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Superior Vena Cava Syndrome (SVC)

What is the Superior Vena Cava?

The superior vena cava is a major vein in your upper body that carries blood from your head, neck, upper chest, and arms to the heart. 

What is Superior Vena Cava Syndrome?

Superior Vena Cava Syndrome (commonly referred to as SVC or SVCS) is a condition where the blood flow through the superior vena cava is restricted or slowed down. This slowed blood flow may be caused by a blood clot, tumor, or other nearby tissue compressing the vein.

What are the risk factors for Superior vena cava syndrome?

  • Smoking
  • History of smoking 
  • Localized edema of face or upper extremities
  • Central venous access ports
  • Multiple pacemaker leads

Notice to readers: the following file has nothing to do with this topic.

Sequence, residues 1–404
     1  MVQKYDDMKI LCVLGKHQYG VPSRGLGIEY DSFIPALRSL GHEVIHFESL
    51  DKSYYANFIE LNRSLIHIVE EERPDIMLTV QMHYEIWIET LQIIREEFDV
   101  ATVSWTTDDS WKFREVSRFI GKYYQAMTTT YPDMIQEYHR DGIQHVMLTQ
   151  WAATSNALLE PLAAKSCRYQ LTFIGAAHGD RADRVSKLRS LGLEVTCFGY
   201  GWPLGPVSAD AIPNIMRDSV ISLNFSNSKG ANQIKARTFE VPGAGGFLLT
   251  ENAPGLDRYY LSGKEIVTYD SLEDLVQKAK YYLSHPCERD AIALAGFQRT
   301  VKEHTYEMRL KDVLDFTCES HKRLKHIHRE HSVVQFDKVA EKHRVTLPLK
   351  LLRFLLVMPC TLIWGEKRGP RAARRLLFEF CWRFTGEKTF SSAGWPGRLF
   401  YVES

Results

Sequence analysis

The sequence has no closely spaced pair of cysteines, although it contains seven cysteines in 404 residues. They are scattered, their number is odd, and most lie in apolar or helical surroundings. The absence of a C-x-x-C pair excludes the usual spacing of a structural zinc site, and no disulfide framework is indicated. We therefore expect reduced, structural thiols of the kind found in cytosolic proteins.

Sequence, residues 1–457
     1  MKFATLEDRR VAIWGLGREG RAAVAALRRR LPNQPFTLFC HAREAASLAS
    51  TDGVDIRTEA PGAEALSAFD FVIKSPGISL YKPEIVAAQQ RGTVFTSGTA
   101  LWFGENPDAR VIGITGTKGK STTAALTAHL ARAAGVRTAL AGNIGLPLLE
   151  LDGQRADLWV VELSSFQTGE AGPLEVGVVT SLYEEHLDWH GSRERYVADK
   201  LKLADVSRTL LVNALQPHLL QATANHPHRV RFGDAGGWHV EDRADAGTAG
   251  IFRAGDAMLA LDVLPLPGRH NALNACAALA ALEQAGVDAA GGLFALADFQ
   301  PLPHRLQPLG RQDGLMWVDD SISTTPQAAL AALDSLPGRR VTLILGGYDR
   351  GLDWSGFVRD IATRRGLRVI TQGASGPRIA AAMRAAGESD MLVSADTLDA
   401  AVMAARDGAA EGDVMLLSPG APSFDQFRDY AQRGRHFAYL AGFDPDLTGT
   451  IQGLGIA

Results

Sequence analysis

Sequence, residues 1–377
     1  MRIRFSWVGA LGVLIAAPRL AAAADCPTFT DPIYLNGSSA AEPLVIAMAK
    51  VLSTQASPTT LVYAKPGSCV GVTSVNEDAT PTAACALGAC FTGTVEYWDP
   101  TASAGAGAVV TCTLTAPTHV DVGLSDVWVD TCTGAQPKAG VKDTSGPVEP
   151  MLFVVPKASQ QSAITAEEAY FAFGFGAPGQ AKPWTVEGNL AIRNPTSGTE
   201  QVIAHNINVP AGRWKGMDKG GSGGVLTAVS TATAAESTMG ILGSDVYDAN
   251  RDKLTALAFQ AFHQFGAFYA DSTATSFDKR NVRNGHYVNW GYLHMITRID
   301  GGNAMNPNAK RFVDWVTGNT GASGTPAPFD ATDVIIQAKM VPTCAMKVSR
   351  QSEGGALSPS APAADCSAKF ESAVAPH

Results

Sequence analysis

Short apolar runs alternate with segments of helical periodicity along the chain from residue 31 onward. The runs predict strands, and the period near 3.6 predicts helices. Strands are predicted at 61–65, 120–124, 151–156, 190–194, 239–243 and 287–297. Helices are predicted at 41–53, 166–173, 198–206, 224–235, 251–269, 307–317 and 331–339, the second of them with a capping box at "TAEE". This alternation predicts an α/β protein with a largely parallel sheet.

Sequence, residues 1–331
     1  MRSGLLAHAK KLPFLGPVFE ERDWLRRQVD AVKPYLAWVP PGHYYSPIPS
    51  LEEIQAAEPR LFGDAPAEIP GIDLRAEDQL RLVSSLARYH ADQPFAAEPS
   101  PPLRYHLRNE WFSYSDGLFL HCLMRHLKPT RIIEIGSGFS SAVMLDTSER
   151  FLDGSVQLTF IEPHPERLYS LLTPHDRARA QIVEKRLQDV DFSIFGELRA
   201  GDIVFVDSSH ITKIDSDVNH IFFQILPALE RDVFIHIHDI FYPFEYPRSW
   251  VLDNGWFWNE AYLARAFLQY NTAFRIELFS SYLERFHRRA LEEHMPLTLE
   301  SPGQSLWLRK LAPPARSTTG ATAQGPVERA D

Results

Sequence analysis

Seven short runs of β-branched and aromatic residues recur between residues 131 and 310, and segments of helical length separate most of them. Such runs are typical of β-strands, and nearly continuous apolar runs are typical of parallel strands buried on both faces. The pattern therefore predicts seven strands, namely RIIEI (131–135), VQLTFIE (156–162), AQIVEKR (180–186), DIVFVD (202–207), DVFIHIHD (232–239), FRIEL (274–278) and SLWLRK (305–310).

• Over 50 years of age

What are the Signs & Symptoms of Superior Vena Cava Syndrome?

  • Swelling in face, neck, or upper body
  • Trouble breathing or shortness of breath
  • Coughing
  • Pale or blue skin in the face
  • Swollen veins in chest, neck or arms
  • Chest pain
  • Hoarse voice, difficulty speaking, or trouble swallowing

We are here to help.

The Texas Cardiac & Vascular Institute offers a variety of treatments for Superior Vena Cava Syndrome (SVC) Please reach out if you or a family member has signs or symptoms of Superior Vena Cava Syndrome (SVC).